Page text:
Some treatment options may include:

  • Changes in your cat’s diet.
  • Certain medications that will control the vomiting.
  • Antibiotics if a bacterial infection is discovered.
  • Corticosteroids to treat inflammatory bowel disease.
  • Surgery, if a tumor is determined to be the cause.
  • Medications for treating specific causes of the chronic vomiting.
  • Chemotherapy to treat cancer.

If your cat is experiencing chronic vomiting, do not wait. Contact Alta Rancho Pet & Bird Hospital for an appointment as soon as possible.

Puppies and Parvo: What Every New Puppy Owner Should Know

Puppies and Parvo What Every New Puppy Owner Should KnowIf you have just adopted a new puppy, or are soon to get one, parvo should be something that you familiarize yourself with. Parvo is an illness that affects dogs, most commonly puppies. And if not treated, it can become deadly. Here at Alta Rancho Pet & Bird Hospital, serving the greater Rancho Cucamonga area, we want all new puppy owners to know about parvo and to be on the lookout for it, as knowing this information can save a puppies life. Here is what every new puppy owner should know about parvo.

What Is Parvo?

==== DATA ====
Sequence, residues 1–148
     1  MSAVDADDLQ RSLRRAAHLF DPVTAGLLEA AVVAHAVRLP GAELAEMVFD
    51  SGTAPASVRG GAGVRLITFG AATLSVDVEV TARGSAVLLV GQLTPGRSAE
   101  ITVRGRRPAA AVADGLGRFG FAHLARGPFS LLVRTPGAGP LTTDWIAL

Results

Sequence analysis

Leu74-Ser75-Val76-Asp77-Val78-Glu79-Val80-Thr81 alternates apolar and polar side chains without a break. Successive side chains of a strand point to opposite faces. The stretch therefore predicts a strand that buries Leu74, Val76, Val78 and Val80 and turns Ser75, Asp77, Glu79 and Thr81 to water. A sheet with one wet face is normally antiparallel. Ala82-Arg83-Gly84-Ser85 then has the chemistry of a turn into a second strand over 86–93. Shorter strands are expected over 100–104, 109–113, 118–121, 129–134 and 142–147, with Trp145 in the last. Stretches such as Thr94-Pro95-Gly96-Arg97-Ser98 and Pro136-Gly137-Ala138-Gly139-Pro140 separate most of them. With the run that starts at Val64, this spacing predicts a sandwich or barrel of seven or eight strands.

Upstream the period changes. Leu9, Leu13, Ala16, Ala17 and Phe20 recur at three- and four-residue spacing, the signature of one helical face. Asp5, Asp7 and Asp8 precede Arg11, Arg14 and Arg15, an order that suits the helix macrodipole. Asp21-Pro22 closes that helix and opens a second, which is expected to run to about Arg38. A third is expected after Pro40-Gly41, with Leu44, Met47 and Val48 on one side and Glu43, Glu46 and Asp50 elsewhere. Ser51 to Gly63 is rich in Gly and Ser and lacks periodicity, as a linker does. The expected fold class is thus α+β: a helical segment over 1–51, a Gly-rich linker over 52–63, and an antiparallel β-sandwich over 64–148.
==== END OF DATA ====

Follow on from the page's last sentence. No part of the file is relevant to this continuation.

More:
Parvo is a disease of the stomach and small intestines caused by the parvovirus. This disease is highly contagious. Puppies can catch it through direct contact with an infected dog or by touching something that an infected dog touched, sniffed or licked, such as a food or water bowl or leash. This disease affects puppies aged six weeks to six months. Puppies younger than six weeks old have antibodies from their mother. By the age of six months, puppies should have received their six, eight and 12-week shots to protect them from the virus.

The Signs of Parvo

There are many signs of parvo in a puppy. The most common sign, and usually the first sign, is a puppy that just doesn’t seem active, normal or wanting to play. Other signs associated with parvo include not wanting to eat, dehydration, diarrhea with or without blood, fever, lethargy, noticeable weight loss, stumbling while walking, weakness and vomiting. If you have a puppy who just seems to be feeling under the weather and something isn’t right, you should get your puppy checked out. The sooner the condition is diagnosed, the better the outcome is for the puppy.

The Treatment for Parvo

There is currently no known treatment for parvo. Once your pet has been diagnosed with the virus, they can start your pet on preventative care to help the symptoms and problems that exacerbate the condition. Your vet will work to keep your puppy hydrated and give them the nutrition they need. A course of antibiotics will likely also be started to help prevent infections that can ultimately lead to death in a puppy caused by both the weakened immune system and infections in the intestinal wall.